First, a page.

When it comes to how people prefer to work, 65 percent of workers say they would be more productive telecommuting than working in a traditional workplace. As many as 80 to 90 percent of the workforce say they would like to telecommute at least part-time. Telecommuters are almost twice as likely to love their jobs than employees who work in traditional offices and report higher levels of productivity.
Managing partners and firm administrators, are you preparing your firm to take advantage of this growing workforce? It could be the answer to the big challenge of finding top talent to serve your clients.
CPAs are (and think) traditional. It’s time to think non-traditional relating to so many areas of firm management.
2017 is going to be an exciting year!
Change is not merely necessary to life - it is life.
Wednesday, December 21st, 2016
Someone at your firm:
- Is doing an extraordinary job.
- Never hesitates to go above and beyond to better serve the client (and make you look good).
- Never misses a day of work.
- Is the first to volunteer to guide and improve the skills of less experienced team members.
There is a very meaningful way to recognize them and thank them. Personally, handwrite a note to them.
This is a great time of year to write a note inside a Christmas card and put it on their desk. Or, buy a pack of Christmas thank-you notes and write a personal message inside and give them to people you want to recognize.
A few written words can speak volumes.
When I worked at a growing firm, I liked to use little notecards called WOW cards. If someone deserved an extra bit of recognition, I would write a brief message on the small card and place it on their keyboard or desk.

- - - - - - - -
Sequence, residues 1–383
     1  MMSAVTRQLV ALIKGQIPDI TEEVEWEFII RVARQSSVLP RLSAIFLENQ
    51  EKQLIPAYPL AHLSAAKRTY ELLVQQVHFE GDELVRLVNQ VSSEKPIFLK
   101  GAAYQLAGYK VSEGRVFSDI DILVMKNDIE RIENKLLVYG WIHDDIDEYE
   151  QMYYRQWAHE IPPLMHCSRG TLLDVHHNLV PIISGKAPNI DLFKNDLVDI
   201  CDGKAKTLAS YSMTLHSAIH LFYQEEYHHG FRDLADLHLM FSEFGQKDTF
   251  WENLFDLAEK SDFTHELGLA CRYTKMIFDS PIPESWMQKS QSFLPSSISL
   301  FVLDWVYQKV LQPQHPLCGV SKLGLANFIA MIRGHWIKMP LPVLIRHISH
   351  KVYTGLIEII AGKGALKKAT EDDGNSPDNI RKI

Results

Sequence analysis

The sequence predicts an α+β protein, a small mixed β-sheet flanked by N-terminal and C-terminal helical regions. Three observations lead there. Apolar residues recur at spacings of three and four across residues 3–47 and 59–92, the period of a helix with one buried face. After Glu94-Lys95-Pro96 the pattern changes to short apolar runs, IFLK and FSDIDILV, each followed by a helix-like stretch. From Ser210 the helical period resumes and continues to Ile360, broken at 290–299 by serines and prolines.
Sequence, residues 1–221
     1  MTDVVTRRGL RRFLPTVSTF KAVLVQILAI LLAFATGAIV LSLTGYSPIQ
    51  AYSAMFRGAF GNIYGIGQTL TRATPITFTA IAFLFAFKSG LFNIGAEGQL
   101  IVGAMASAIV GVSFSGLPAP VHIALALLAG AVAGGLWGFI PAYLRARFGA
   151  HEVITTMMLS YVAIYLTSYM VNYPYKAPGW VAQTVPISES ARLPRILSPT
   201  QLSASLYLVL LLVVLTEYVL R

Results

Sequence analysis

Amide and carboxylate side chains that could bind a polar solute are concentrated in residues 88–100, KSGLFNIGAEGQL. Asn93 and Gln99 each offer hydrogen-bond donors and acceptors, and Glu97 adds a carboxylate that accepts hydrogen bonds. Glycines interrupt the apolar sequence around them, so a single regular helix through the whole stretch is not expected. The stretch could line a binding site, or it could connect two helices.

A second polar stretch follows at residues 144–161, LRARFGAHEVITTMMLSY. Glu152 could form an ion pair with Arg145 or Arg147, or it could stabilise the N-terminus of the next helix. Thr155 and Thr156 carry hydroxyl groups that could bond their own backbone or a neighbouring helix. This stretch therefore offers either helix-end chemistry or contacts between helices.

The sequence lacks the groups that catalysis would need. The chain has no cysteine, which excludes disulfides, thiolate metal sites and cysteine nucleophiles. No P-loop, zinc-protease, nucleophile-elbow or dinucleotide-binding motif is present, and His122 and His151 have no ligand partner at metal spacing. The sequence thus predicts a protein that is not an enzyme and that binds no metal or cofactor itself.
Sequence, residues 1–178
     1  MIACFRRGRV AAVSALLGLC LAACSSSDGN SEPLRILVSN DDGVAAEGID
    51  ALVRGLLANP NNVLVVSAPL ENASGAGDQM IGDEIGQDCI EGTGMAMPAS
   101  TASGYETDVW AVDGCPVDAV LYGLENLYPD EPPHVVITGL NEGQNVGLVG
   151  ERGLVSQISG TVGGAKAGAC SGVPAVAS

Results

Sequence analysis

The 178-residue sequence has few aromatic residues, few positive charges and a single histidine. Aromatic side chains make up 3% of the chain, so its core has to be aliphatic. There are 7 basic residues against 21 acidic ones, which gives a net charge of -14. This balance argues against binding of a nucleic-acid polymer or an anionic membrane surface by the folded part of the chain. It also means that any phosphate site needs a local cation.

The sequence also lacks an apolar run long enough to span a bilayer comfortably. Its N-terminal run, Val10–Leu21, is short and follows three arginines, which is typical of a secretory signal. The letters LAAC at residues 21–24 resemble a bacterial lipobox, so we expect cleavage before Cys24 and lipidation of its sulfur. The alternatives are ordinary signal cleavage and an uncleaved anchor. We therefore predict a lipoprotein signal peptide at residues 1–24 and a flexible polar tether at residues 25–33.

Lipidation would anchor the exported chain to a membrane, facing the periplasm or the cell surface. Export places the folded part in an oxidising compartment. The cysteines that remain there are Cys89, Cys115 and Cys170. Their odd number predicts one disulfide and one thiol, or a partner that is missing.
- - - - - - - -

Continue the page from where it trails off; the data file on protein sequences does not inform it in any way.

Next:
The message is appreciated but so is the fact that you actually took some time to think of them and write some personal words of encouragement.
Silent gratitude isn't much use to anyone.
G. B. Stern
Thursday, December 15th, 2016
Many firms have incorporated flexible work arrangements into their menu of offerings to employees. Some have been much slower to adapt.
Here’s an update from a non-profit organization called 1 Million For Work Flexibility. To keep your CPA firm competitive you need to learn all you can about the flexibility options available to talented professionals.
Here are some of the top moments of the year for flexibility listed below.
New Hampshire became the second state to make it legal for workers to request work flexibility. New Hampshire has an aging workforce and demographic. State Senate Bill 416 encourages younger workers to stay in (or move to) New Hampshire and work there so they can enjoy a flexible work arrangement that allows them to care for their growing families as well as their aging parents without worrying about bosses who might fire them for asking for flex. The bill’s sponsor believes that this isn’t just good for working parents and families, but for the overall state economy. New Hampshire follows Vermont with this type of “right to request” legislation, as well as the city of San Francisco.
New York City passed the Freelance Isn’t Free Act, which is said to be the first of its kind protection for freelancers. It requires written agreements for the timeline and payment of freelance work, with penalties for employer violations.
More companies, industries, and occupations are now offering flexibility to their employees. These 250 companies are shining examples of work flexibility in action. This list of the top companies with the most flexible job listings since 2013 (the “FlexJobs 250”) is based on an analysis of more than 40,000 companies and their flexible job posting histories in the FlexJobs database between October 1, 2013, and October 1, 2016.
The United State of Women, a summit hosted by the White House, showcased the importance of workplace policies that work for women. The inaugural event, attended by 1 Million for Work Flexibility, highlighted work flexibility and brought together thousands of people who are working to change tomorrow for women.